ANTONIO Believe me, no: I thank my fortune for it,
My ventures are not in one bottom trusted,
Nor to one place; nor is my whole estate
Upon the fortune of this present year:
Therefore, my merchandise makes me not sad.
SALARINO Why, then you are in love.
–Act I, Scene I Venice. A street, The Merchant of Venice
There are some surprisingly, ah, diverse ideas in finance about what diversification is and is not and why it is or is not a good idea. Common wisdom from Ecclesiastes to Shakespeare says simply not to put all your eggs in one basket. The diversity of opinion seems to hover around how many eggs and what kind of baskets.
Over the next three days, I post three short notes, the first two on what is not diversification, and the last on the most effective way to put diversification to work in an Upside portfolio.
Multiplying Risk with Multiple Funds
Here is the first of two simple examples of what diversification is not:
1). Diversifying investment strategies is not diversification.
Mutual funds are essentially pre-packaged investment strategies. You pay an annual fee—sometimes preposterously high—for a share of the results from the strategy the fund manager runs in the fund (the fund’s bet). So maybe owning ten or twenty really interesting high-powered (“well-advertised”) mutual funds with promising strategies or past records of beating the market improves the odds of winning the bet. On the surface, investing in a “diverse” selection of funds and strategies seems like a smart thing.
Here’s the problem without putting too fine a point on it. Anywhere from 60%-70% of mutual funds fail to produce average returns each year depending on the type of fund.* That means mutual funds lag market returns accordingly, since the average fund’s return (median) is lower than the whole market’s return (mean).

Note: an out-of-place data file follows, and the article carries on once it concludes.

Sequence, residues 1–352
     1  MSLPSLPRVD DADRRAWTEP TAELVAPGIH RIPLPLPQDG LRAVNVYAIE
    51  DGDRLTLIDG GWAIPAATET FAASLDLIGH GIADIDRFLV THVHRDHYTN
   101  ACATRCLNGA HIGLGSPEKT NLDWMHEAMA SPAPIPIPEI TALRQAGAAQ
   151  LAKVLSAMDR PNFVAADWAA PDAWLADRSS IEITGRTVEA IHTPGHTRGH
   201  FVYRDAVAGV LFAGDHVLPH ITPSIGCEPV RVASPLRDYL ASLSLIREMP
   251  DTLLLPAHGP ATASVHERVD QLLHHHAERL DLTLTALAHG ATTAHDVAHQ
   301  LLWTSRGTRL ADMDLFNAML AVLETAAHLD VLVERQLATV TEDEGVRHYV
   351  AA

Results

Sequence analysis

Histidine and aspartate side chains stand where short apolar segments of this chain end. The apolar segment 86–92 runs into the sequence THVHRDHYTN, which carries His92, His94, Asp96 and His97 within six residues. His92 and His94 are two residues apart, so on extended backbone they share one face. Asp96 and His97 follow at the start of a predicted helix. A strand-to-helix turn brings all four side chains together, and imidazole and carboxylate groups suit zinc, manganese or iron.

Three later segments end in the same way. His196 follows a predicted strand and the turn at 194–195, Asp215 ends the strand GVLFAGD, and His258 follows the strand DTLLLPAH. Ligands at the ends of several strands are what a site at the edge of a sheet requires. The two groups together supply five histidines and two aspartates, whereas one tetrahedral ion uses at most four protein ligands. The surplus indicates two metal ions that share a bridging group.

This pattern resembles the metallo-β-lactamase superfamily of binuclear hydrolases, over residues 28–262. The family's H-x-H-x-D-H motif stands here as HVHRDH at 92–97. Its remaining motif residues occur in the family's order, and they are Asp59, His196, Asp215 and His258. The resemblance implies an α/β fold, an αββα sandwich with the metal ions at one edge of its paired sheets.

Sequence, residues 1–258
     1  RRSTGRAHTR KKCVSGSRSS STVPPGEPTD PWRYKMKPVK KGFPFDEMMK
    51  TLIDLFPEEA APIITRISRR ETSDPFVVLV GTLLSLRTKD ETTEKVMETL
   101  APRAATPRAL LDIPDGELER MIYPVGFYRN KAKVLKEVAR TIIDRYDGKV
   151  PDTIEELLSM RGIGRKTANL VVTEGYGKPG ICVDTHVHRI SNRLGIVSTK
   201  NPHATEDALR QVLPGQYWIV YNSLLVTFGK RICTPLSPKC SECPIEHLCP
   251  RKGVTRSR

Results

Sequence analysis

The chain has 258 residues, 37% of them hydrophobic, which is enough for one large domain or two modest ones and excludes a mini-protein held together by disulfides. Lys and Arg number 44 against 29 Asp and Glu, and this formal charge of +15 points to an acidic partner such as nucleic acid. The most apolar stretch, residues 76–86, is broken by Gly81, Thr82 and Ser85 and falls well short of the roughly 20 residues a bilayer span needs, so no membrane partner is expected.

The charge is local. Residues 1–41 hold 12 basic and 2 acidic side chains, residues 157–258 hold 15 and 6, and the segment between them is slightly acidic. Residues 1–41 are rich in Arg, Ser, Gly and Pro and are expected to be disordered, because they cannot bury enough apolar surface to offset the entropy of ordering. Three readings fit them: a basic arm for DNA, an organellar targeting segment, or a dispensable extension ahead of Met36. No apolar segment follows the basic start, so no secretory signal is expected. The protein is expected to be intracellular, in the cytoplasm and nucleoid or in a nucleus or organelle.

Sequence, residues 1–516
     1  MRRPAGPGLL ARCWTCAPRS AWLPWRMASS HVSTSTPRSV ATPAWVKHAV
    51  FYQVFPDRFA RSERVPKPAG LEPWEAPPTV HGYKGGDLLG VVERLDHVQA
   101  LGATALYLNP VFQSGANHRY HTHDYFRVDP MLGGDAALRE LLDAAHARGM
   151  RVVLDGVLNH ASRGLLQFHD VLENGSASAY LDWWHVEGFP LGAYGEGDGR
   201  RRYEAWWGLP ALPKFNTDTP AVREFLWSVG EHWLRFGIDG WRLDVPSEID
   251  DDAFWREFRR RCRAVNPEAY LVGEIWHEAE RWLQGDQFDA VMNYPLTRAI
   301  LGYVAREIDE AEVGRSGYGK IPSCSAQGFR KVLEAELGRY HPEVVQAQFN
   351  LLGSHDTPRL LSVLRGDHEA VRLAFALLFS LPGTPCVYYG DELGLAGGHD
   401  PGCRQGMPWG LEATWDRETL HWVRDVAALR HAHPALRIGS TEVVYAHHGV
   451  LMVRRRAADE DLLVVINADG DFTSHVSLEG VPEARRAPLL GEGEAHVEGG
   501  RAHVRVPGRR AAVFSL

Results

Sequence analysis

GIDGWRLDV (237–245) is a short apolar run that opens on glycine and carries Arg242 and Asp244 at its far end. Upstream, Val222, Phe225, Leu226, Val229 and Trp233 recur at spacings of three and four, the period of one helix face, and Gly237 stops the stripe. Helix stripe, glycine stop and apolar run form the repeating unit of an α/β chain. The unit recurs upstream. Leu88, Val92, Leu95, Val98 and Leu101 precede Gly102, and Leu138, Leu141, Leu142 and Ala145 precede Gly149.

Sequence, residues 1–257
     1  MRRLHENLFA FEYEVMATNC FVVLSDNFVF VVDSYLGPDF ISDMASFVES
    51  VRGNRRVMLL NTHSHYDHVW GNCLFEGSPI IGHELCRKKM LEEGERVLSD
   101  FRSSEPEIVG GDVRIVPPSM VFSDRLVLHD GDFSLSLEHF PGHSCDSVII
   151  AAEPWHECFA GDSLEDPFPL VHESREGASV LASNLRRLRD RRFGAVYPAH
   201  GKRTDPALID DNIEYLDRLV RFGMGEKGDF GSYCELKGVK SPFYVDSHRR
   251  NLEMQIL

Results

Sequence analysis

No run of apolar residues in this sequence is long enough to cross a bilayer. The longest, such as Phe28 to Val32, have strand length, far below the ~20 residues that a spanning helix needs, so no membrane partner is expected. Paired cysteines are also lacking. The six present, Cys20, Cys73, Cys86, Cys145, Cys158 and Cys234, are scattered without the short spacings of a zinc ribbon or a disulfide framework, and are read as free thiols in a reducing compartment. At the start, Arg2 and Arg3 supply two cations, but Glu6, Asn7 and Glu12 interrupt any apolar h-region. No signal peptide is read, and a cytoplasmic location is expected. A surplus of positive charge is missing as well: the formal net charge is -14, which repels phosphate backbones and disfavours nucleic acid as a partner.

So then holding many of them will improve my odds, right?
Not exactly—if one fund has a 40% chance of beating the average, then two funds have only a 16% chance (40% x 40% = 16%). And twenty funds? 0.0000011%. There is essentially no chance that twenty funds will produce anywhere near market returns. Each of the twenty funds has the same 40% chance of beating the market—which is less than random luck (50/50). The chances of picking twenty that will somehow cumulatively beat the average is infinitesimally tiny. You might as well buy twenty lottery tickets.
Sure, the top twenty funds each year out of the thousands available beat the average, but sadly, it’s a different twenty every year, all but a certainty not the twenty you own, and there’s no way of knowing which twenty it will be this year or next. Only hindsight shows that.
That bears repeating—there’s no way to know. No one knows the future and which strategy will win or lose. Last year’s winners, statistically, do worse than average in subsequent years. Some, of course, continue to do well. But over five years, less than 1% of the top quartile performers remain in the top quartile.*
If you hold a bunch of funds, do not be blinded by the one winner that never seems to let you down. One winner out of six or ten or twenty sub-performers is not market beating portfolio performance. This is true whether the funds are held in a 401(k), and IRA, or a brokerage account.
Holding lots of mutual funds is not diversification. It’s counter-productive. You can do better.
The remedy is not to toss out the losers and put your money in new “better” mutual funds—new guesses about “winners.” That’s a long-term strategy for underperforming the market. Tomorrow we’ll look at a second not-diversification—Individual Stocks, Is That a Good Idea?
*No less an authority than the people who bring you the S&P500 offer this analysis: https://us.spindices.com/resource-center/thought-leadership/spiva/
S&P Indices Versus Active (SPIVA®) measures the performance of actively managed funds against their relevant S&P index benchmarks.
- The SPIVA® U.S. Mid-Year 2014 Scorecard: “The past five years have been marked by the rare combination of a remarkable rebound in domestic equity markets and a low-volatility equity environment. This combination has proven to be difficult for domestic equity managers, as over 70% of them across all capitalization and style categories failed to deliver returns higher than their respective benchmarks.”
- The Persistence Scorecard: December 2014: “An inverse relationship exists between the measurement time horizon and the ability of top-performing funds to maintain their status. It is worth noting that less than 1% of large- and mid-cap funds managed to remain in the top quartile at the end of the five-year measurement period. This figure paints a negative picture regarding the lack of long-term persistence in mutual fund returns.”